Most of us have probably played the very well-known block-stacking video game called Tetris. As implausible as it may seem researchers have now conducted a study which indicates that this simple came could help treating addiction.
Indeed previous studies have also revealed that Tetris is good for food cravings, but this was observed only inside a laboratory. Researchers at Queensland University of Technology and Plymouth University have proved that this applies not only in a controlled environment such as a laboratory, but also in natural settings. In addition not only did they prove that Tetris was good against food cravings, but it was also efficient against alcohol, coffee, smoking, sex and sleeping.
For the study researchers used 31 undergraduate students with ages between 18 and 27. They were divided in two groups: a control group and a group that was advised to play Tetris for three times when they felt craving of any kind. Each participant was given an iPod on which they had to play Tetris. Each participant was texted seven times each day in order to have their cravings checked. The students could also self-report the cravings that they had experienced.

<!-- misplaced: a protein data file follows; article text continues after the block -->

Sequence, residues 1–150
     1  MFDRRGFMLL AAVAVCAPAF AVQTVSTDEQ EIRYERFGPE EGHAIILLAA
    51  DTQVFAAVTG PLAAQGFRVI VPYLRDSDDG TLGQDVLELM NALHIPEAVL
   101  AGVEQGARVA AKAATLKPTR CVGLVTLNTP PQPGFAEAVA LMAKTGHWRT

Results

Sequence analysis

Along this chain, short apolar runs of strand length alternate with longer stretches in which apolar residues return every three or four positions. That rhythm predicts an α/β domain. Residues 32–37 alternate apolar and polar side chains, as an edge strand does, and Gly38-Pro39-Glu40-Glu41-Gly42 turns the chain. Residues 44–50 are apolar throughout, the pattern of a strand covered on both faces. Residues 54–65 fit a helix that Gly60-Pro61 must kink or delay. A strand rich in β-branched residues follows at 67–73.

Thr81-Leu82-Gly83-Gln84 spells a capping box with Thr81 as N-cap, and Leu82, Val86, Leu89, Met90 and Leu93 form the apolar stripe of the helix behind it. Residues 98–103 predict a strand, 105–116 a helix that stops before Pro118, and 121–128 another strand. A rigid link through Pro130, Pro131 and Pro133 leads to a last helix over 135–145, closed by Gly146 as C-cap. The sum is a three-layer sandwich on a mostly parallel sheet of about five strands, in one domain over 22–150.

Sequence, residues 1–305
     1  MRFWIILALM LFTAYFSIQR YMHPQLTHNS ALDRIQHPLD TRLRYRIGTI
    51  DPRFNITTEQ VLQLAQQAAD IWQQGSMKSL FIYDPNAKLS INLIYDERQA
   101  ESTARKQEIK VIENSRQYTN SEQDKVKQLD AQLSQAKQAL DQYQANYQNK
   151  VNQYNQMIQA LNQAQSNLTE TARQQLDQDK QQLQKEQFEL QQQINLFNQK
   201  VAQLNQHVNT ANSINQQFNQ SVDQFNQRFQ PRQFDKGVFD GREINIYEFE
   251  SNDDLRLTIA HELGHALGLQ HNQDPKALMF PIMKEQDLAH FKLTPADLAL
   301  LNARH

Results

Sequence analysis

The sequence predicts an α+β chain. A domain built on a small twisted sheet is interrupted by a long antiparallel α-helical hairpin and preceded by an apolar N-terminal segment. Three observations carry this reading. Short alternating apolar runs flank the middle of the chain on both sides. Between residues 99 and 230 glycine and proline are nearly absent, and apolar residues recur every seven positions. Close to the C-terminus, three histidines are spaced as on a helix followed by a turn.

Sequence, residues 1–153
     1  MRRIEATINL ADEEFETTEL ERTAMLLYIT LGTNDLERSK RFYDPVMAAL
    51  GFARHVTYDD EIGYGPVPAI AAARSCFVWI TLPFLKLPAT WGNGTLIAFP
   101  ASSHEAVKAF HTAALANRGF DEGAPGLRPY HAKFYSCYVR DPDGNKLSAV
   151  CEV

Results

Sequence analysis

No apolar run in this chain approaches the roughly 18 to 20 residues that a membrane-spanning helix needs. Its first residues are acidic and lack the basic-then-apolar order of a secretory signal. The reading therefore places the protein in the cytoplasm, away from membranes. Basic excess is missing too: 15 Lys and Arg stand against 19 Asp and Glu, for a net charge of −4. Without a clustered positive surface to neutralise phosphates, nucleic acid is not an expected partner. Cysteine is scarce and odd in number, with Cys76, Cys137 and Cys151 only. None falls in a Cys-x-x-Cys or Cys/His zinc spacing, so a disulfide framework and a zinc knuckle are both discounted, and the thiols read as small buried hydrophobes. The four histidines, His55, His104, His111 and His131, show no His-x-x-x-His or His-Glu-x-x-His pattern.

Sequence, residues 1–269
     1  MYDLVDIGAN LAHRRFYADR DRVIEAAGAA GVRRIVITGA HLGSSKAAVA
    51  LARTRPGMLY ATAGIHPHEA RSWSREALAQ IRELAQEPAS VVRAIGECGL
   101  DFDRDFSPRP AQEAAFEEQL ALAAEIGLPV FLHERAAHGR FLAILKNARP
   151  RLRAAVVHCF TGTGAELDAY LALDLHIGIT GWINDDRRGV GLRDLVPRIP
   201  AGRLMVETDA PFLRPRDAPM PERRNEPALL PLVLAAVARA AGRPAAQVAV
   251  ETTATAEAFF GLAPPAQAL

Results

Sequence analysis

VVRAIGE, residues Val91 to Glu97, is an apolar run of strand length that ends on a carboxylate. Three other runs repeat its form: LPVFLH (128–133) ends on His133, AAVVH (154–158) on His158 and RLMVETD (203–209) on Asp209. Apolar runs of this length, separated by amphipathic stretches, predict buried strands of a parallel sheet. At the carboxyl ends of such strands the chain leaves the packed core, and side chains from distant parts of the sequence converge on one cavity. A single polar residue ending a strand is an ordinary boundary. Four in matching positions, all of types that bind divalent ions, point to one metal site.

Professor of psychology Dr. Jackie Andrade from Plymouth University declared:
We think the Tetris effect happens because craving involves imagining the experience of consuming a particular substance or indulging in a particular activity. Playing a visually interesting game like Tetris occupies the mental processes that support that imagery — it is hard to imagine something vividly and play Tetris at the same time.”
The findings of the research indicate that the control group reported cravings 30 percent of the time and they were usually cravings for food or non-alcoholic drinks. Other cravings such as alcoholic drinks (beer or wine), coffee and cigarettes were reported 21 percent of the time. The rest included cravings for other random activities such as socializing, sleeping, sex and playing video games. The Tetris group was reported to have a reduced intensity of cravings from 70 percent to 56 percent. In addition the effect of the game did not wear off.
Researchers are optimistic that a simple as Tetris could be used to manage addiction and cravings.
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